It wasn’t that I thought I could convert Punch Buggy to a motorcycle game, it was that Punch Buggy was a well-known frame of reference. I used the reference to convince people, it wasn’t the inspiration.  From there the idea got even bigger.  This, friends, is the power of having the passion.  When you can’t stop thinking about something, you have breakthrough after breakthrough.

Having Punch Buggy as a reference point for a pitch was both good and bad – It has helped me win people over, but it also opened my wallet. That and knowledge of how state agencies get funded.  This was the point where I started thinking that I not only had own the trademark, but I had to show people in great numbers what could be done with the idea.  I was aware through research that state contracts for motorcycle awareness had one-year terms.  The idea of one state running the idea for one year, then multiplying that for fifty states, did not appeal to me at all.  That would almost be worse than allowing one state’s contractor to trademark the slogan and have it languish for nearly a decade.  It needs to be persistent and it needs to be national.  That’s when my retirement savings disappeared.  That’s when I started working harder for Rider safety than I ever thought I would in my lifetime.  That’s when I started telling myself I couldn’t live if I screwed this up. It had to be done right or it would fail from either lack of passion or watered down by the endless year by year pitches to various state agencies.

With the work done and a booth at the 2013 New York International Motorcycle show, I was ready to present to the world.  My first press release used the punch buggy reference and people picked up on it.  By displaying the countmotorcycles.com website at the show people got to see what I was doing. I was told there that “this is the best idea for motorcycle awareness yet conceived.”  I had bumper stickers and magnets for sale to help offset the costs and a spokesmodel to draw people’s attention.  There were people that thought it was interesting. There were people that had their own ideas (one guy told me my time and money would be better spent making a full motion 3-D motorcycle simulator that would “show people what it’s like when a car swerved in front of them”). Some loved the idea and liked me on Facebook.  Some people stated with full authority that “any website that had pictures of people riding motorcycles with anything less than full gear is working against motorcycle safety and awareness,” therefore they hated the idea.  But American Motorcyclist magazine picked up on it and mentioned the game in two issues.  I made contact with a man from Allstate Motorcycle Insurance and thought I should talk to them. Later that year the game won a $6,000 grant in the form of an Allstate Motorcycle Good Rides grant.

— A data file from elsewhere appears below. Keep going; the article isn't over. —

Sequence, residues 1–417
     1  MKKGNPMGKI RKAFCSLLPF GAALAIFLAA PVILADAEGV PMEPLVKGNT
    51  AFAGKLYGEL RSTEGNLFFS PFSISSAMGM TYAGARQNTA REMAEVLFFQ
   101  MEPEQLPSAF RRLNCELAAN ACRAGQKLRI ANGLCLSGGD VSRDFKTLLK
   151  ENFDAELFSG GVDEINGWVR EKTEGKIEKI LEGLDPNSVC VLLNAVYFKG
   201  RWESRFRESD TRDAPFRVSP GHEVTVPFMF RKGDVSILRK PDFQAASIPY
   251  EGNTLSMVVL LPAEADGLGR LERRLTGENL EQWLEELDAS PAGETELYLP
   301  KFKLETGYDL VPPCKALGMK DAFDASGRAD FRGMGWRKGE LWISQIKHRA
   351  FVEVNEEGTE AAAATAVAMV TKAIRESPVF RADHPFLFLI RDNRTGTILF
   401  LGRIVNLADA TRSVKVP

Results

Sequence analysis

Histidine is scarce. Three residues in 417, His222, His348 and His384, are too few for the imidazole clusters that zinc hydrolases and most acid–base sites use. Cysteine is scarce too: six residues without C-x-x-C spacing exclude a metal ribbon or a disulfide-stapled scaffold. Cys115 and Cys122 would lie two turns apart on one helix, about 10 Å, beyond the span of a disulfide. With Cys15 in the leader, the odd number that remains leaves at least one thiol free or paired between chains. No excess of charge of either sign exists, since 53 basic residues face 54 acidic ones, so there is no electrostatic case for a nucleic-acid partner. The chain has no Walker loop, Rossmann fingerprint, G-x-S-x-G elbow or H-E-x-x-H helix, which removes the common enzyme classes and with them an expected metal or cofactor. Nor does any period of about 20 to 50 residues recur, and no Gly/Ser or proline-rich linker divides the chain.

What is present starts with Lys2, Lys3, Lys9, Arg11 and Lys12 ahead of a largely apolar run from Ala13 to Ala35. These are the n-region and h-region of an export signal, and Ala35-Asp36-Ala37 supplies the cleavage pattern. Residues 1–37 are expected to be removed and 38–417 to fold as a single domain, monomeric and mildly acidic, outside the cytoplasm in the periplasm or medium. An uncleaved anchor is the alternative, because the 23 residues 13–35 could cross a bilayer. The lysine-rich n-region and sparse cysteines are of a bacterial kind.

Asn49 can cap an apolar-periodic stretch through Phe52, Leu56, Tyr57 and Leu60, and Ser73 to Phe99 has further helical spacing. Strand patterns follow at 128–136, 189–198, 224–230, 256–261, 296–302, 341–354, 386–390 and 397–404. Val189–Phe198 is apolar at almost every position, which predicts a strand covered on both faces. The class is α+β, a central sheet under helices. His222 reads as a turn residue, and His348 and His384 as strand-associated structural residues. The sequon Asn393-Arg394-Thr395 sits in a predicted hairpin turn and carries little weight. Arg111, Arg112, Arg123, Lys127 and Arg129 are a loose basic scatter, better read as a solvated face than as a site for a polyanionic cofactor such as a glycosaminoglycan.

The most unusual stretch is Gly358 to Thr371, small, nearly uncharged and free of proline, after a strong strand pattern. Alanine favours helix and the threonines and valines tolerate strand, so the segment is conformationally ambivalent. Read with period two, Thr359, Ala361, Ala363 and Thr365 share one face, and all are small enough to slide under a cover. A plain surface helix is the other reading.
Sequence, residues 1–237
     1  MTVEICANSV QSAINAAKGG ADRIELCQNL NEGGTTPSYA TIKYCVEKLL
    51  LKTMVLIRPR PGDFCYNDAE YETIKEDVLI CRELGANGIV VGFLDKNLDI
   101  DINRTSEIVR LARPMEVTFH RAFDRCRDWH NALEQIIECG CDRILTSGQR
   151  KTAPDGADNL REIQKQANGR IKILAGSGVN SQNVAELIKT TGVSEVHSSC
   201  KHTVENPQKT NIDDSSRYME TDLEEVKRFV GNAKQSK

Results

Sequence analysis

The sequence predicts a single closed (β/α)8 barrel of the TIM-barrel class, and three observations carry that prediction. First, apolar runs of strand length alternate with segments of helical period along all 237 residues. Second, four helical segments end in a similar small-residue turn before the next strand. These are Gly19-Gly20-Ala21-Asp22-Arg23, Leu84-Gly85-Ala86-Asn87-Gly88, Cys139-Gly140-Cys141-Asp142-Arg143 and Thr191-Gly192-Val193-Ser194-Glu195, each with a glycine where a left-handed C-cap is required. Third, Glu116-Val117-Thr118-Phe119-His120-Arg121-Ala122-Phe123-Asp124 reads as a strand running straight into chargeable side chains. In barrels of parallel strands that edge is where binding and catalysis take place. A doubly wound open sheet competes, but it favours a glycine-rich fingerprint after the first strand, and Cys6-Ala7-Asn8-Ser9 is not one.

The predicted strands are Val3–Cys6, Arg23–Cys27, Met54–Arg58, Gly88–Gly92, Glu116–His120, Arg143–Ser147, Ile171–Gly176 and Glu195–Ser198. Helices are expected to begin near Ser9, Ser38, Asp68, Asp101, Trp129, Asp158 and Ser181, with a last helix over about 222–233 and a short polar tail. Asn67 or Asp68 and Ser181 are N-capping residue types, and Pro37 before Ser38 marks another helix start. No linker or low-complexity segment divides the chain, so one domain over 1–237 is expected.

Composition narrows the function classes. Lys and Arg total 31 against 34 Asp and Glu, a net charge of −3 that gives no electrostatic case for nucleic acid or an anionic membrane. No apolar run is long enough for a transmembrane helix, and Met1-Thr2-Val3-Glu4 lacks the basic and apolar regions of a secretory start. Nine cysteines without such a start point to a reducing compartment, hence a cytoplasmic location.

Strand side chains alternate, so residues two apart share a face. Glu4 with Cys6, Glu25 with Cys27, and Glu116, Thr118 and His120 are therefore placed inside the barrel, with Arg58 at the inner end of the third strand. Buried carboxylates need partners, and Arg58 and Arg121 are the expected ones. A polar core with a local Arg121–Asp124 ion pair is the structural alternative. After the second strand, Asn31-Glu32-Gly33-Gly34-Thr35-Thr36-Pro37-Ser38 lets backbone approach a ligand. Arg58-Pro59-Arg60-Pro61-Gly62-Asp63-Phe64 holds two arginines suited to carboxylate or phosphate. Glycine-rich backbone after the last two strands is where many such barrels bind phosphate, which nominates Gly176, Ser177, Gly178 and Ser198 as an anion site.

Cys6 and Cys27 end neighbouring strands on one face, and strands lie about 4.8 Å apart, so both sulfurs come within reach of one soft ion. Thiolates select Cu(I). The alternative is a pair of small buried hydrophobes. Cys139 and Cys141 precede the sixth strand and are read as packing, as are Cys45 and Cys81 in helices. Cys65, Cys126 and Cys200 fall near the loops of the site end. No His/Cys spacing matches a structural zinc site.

It’s now been over year since the show.  The website has been developed to answer the angriest driver’s questions about riders and the rules have been laid out.  The game packs have been done and re-done and we are looking for partners to help defray the costs.  I am not doing this alone anymore, but there is no more than three people involved. We have sponsored bike nights, we have put up banners at race tracks, we have sponsored the New Jersey Mini GP.  None of this has put us in the black and every great idea that involves change is more money out of my pocket. It’s okay, I still believe.  But let’s answer some of the original questions.

It’s not for free because I have no funding – yet. The word is getting out and I am far enough along that I can point at what is done and say “would you like to fund this?” For now, I like to tell people “we crowd source the old fashioned way, we sell things.”  That is, bumper stickers, bumper magnets game packs and t-shirts. We will do crowd sourcing, but we need a bigger crowd before launching.  Look for us on Kickstarter soon.  Are there better ways to do it?  Yes, and we are working on them.  The details are so boring that you would have to be as passionate about this as I am to actually sit and read them through.

Why is Count Motorcycles LLC a for-profit company?  Because in order to be a non-profit, I need a board of directors.  I haven’t found anyone with my drive, passion or vision to do this yet, but it is very likely to happen – just not yet. Why the trademark?  I would hope that if you read this far you already know.  Most importantly, I do not trust that those that are used to doing motorcycle awareness the old way can take the helm yet.  Old habits die hard.  That said, if you think you love this idea and game, contact me.  We need a board of directors.

And lastly, the game.  There are no other motorcycle awareness games.  This is the one – the prototype.  A google search will yield that one person in 2005 made a connection to punch buggy, but that went nowhere.  You have read how I got there.  Driving games are not new, my driving game to promote safety and awareness is. Riders know.  Riders are always trying to get people to look out for them.  Last week a Rider saw me with my countmotorcycles.com trailer and said “I belong to all kinds of motorcycle safety and advocacy groups and I have never heard of this.”  That is because it is new and I am spreading the word – Passionately.  We are working on way to license the game so that you can help too.